• Dave Krueger||

    Perhaps unsurprisingly, political parties are viewed as the most corruption institutions in the U.S., with 76 percent of respondents saying that political parties are either “corrupt” or “extremely corrupt.”

    The bad news is that the very people saying that will elect (or reelect) candidates from teh same parties who swear to perpetuate that corruption.

  • Redmanfms||

    The bad news is that the very people saying that will elect (or reelect) candidates from teh same parties who swear to perpetuate that corruption.

    I wonder what the Venn diagram looks like. The number of people who vote in the States is pretty fucking low. Hell, the number of people who are registered (despite motor voter) isn't even majority of those eligible (at least the last I looked). So it is entirely possible that a sizable percentage of those who see the corruption don't even bother with voting.

  • GILMORE||

    Is 'corruption' defined as 'evading government control'?

    Just trying to clarify what the 'crime' is.

    I know of widespread 'corruption' in things like, say, building inspectors in NYC. "Old boiler? gee, might need replacing that soon.... OR, maybe not.... really depends..." Need a liquor license or opening a restaurant? gee, it really couldn't hurt to smooth things out with the right people in the district. Make friends.

    In most cases, the things called 'corruption' are methods for bypassing/expediting the processes imposed by local regulatory authorities, processes which often exist SOLELY to enable this power for the regional political boss.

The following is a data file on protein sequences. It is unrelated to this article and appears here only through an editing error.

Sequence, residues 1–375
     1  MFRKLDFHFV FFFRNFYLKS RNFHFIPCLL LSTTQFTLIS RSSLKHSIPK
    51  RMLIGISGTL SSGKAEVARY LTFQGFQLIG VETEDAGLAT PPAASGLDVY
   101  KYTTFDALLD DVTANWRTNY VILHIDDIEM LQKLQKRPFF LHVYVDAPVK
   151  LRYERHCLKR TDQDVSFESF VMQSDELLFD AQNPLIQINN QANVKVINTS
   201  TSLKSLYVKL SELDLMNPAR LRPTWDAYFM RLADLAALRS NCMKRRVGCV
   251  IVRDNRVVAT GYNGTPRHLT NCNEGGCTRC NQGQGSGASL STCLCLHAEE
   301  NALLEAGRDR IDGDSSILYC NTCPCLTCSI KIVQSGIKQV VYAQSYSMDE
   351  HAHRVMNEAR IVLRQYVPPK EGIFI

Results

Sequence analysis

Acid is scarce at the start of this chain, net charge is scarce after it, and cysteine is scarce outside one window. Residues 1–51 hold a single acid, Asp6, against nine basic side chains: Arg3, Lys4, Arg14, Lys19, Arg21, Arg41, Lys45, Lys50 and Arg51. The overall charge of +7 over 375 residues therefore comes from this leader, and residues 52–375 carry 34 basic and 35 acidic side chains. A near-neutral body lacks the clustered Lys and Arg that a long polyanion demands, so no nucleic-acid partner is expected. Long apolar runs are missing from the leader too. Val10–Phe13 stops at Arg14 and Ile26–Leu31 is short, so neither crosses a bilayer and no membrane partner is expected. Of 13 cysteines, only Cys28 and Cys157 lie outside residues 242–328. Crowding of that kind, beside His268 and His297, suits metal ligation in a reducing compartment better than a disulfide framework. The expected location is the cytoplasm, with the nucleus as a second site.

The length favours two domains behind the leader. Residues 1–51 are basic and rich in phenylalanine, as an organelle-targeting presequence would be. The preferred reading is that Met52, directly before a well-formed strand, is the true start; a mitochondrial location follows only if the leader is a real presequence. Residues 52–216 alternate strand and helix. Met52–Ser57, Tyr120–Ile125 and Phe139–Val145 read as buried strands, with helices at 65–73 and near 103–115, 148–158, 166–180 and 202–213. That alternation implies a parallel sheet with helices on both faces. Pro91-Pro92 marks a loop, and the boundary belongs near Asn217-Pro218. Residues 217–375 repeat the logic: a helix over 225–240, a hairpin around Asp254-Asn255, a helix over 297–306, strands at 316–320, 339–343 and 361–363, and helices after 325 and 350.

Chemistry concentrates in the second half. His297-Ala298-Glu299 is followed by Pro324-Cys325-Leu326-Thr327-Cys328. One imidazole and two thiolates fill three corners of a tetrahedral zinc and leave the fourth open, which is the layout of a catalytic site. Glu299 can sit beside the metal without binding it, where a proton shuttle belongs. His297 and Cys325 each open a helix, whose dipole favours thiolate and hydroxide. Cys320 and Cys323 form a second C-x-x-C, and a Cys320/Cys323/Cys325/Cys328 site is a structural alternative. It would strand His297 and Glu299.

There is no such thing as corruption without the state putting its fingers into everything.

  • ||

    The state is corruption. There can be no corruption without the state.

  • Zeb||

    There can be no corruption without the state.

    I'd agree that there can be no state without corruption. Not so sure about the other way round.

  • Cliché Bandit||

    And the Seahawks...they are corruption too...just like the state.
    Yup, the State and the Seahawks, get rid of those and our problems are solved.

  • ||

    Forty. Three. To. Eight.

  • Cliché Bandit||

    And the Chiefs and the Raiders...All of them gone.

    Boy I can't wait for the Superbowl...the Seahawks vs. the Broncos. It is going to be great. I just hope the Broncos dont blow them out of the water you know...and stuff.

    Someone said there was some scrimmage on last night between the girl scouts and the UFC top 11, I didn't see it. I am waiting for the Superbowl.

  • Robert||

    No, there can be plenty of corruption without the state. See for instance the payola scandals. Or rigged sporting events. Or many forms of insider trading.

  • Sevo||

    Anyone else noticed they stopped counting at 69% affected by corruption? I guess they didn't want to know the real totals.

  • sarcasmic||

    Perhaps unsurprisingly, political parties are viewed as the most corruption institutions in the U.S., with 76 percent of respondents saying that political parties are either “corrupt” or “extremely corrupt.”

    The obvious solution is more government in the form of campaign finance reform, clean elections, term limits, restrictions on political speech...

  • Brett L||

    Something about foxes and henhouses...

  • ||

    How much is this weighted on FIFA?